Beau Lacefield, setting down the first cardboard

I know Bermuda grass
has its good qualities.
For one thing, it grows well
But we don’t want it everywhere
And so we are very grateful
to learn about sheet-mulching.
After putting some minerals—
bone meal, blood meal, gypsum,
green or red lava sand, manure, compost—
on the Bermuda grass,
and some molasses (for the worms)
on one side of a piece of cardboard,
you simply put the cardboard molasses-side down
onto the Bermuda grass,
then spread more manure on top of the cardboard
and cover it with about six inches of straw.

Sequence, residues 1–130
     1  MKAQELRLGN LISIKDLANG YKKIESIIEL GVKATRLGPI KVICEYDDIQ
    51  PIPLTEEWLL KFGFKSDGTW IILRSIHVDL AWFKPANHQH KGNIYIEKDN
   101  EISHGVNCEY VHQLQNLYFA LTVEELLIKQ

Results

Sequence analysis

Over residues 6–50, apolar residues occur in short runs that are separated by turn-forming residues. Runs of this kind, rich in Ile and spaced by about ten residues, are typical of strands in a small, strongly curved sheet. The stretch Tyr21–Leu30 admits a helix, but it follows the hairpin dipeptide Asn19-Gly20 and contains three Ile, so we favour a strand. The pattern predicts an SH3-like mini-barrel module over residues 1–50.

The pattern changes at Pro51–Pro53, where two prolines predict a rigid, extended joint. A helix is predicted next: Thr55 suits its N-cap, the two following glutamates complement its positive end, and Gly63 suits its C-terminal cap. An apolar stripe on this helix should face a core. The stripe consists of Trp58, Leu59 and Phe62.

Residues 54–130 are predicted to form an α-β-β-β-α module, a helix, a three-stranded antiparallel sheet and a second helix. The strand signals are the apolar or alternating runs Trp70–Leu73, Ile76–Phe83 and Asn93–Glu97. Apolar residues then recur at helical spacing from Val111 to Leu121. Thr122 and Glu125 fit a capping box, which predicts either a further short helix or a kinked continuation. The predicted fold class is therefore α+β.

Let it sit for a year,
while that microbial community develops
down there in the dark
(where no light can get to the grass.)
Next year, we’ll add more organic matter
and plant a nitrogen-fixing cover crop.
And that next spring,
we’ll plant a garden.
Not only will there be no Bermuda grass,
but the soil
will be alive.

David Walden expanding the sheet-mulching tarea for a new garden